Monday, June 15, 2009

UGA Students lose Case in Supreme Court

Many of you all probably forgot about this story, but a few UGA students took their issue of a Noise Ordinance all the way to the Georgia Supreme Court. In a split decision, they lost their case. The Red and Black Reports:

The Georgia Supreme Court, in a split decision, ruled against two University students who challenged the Athens-Clarke County's noise ordinance claiming it is unconstitutional because it violates their First Amendment right to free speech..

UGA students William Hoffman and Robert Manlove, along with the Law Office of Charles A. Jones Jr., filed the lawsuit in January 2008 challenging the county's ordinance.

On Monday, the Georgia Supremes upheld by a 4 to 3 vote a Clarke County court's dismissal of the case. In a three-page opinion, written by Justice Robert Benham, the majority ruled the students did not have the right to sue "because they failed to show any harm or injury resulting from [the] noise ordinance…"

The majority opinion stated that since the students had never been fined or otherwise "injured" by the ordinance, they did not have standing to bring the suit.

I also wanted to bring note to what Chief Justice Leah Sears said in her dissenting opinion:

"Not only is the majority wrong in this case, but the precedent it sets today bodes ill for the future for those who believe that the courts must remain ever vigilant against government attempts to control, and ultimately suppress, the right of the people to speak freely," the dissent said. Like the trial court, "the majority opinion fails to appreciate that music equals speech in the First Amendment context … Music is inherently expressive, and it receives the full protection of the First Amendment, even if it has no lyrics."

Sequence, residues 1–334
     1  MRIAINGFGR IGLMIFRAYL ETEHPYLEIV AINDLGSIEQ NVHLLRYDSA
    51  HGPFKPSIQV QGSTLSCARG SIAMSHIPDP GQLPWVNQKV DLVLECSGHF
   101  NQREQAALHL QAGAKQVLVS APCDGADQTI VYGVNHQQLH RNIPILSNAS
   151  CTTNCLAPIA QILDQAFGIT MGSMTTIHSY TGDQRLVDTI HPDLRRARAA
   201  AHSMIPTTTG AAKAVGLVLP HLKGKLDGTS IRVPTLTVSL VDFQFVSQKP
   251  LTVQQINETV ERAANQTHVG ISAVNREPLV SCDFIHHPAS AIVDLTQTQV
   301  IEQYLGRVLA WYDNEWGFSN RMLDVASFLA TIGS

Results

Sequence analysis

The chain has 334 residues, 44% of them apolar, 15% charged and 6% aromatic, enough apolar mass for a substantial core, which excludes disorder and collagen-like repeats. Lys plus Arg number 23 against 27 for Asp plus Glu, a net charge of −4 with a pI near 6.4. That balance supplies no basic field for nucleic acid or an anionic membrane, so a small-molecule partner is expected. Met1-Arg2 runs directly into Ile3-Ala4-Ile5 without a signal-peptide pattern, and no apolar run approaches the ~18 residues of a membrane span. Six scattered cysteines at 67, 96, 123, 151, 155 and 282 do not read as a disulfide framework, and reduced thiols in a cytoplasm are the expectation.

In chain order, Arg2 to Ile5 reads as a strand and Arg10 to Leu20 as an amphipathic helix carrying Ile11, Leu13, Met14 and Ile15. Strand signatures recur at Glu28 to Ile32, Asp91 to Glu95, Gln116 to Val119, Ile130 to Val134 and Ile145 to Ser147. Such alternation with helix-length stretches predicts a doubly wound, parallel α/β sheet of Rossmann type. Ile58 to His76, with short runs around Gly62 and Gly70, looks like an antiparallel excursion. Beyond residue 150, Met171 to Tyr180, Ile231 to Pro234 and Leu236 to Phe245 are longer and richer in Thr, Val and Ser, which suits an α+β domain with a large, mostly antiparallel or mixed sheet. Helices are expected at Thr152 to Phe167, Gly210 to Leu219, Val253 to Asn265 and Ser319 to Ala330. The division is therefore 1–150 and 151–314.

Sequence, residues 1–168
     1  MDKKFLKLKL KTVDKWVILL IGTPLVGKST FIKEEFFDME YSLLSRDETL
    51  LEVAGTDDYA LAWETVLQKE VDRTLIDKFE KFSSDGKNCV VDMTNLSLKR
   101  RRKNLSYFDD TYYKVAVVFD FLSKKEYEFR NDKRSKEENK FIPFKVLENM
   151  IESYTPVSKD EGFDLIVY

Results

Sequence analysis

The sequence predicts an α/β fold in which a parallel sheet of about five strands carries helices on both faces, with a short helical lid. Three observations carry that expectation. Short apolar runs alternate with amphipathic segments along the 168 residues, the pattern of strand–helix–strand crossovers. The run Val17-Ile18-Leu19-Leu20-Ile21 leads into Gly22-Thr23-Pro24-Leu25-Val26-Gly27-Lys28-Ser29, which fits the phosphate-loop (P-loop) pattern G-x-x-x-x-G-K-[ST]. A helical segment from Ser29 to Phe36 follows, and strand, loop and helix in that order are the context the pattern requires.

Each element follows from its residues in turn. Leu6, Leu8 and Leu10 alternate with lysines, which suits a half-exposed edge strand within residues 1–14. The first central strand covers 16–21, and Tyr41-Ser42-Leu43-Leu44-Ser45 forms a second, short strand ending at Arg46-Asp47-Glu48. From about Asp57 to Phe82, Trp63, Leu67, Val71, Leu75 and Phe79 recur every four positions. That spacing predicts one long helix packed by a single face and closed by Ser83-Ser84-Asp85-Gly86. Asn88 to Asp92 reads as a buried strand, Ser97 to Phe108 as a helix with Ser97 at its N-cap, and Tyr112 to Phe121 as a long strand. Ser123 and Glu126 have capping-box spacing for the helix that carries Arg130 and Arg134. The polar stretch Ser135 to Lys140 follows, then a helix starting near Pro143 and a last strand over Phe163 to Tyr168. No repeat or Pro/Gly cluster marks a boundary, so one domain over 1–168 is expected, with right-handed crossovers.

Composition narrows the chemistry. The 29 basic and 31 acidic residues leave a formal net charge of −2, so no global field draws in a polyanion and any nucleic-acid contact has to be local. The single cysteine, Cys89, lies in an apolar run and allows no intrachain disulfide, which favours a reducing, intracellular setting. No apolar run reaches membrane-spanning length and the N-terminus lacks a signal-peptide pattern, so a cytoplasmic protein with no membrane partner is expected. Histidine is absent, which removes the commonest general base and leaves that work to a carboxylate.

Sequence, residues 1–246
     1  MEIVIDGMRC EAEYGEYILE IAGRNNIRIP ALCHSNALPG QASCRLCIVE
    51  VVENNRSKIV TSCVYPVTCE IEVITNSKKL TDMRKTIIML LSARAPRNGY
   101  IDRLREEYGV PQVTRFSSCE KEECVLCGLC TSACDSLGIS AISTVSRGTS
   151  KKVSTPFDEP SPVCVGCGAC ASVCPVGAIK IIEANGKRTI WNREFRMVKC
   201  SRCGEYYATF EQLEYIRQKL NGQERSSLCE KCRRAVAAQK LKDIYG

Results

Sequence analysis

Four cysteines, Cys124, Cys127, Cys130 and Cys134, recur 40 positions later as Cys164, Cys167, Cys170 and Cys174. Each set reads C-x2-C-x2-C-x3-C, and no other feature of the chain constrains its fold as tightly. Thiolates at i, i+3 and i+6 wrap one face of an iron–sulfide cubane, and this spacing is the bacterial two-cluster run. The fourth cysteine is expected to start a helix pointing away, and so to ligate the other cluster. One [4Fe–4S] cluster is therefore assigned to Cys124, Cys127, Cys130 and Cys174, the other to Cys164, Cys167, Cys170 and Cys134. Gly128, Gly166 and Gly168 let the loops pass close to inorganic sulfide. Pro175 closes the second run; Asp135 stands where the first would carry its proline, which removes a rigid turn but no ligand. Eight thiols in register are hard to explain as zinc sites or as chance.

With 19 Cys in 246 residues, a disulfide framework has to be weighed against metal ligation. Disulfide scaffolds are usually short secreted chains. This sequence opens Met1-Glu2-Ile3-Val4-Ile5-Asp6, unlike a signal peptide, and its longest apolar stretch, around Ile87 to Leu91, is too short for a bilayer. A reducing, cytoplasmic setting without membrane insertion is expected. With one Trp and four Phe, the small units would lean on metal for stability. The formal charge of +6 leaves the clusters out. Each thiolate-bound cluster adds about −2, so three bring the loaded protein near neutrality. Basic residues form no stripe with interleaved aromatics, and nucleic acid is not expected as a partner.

"Indeed, it is well established, even outside the First Amendment context, that a plaintiff need not risk actual arrest or prosecution to bring a court challenge to a law that criminalizes conduct that may be subject to constitutional protection," Sears wrote. She pointed out "[a]s then-Judge Carley succinctly put it when he was on the Court of Appeals, a plaintiff 'is not required to violate a law about which there is an actual controversy concerning its enforceability and suffer a criminal prosecution, in order to test its validity."

I think this is a dangerous road. Basically, it is saying that "until you break a law, you cannot sue." I think this is a bad precedent. Issues such as the first amendment should be open to having their cases heard before an alleged violation.


Charles Jones said...


Thank you for your coverage of this case. I too was very impressed by Chief Justice Sears' very well reasoned dissent in this case.

I assure your readers that this fight is far from over, and that we expect to be back before the court very shortly, with plaintiffs who unquestionably have standing.

Even though I am one of the most conservative people I know, I am happy to know that conservatives and UGA Liberal can work together to advance the Constitutional rights of all. Thank you again!

Charles Jones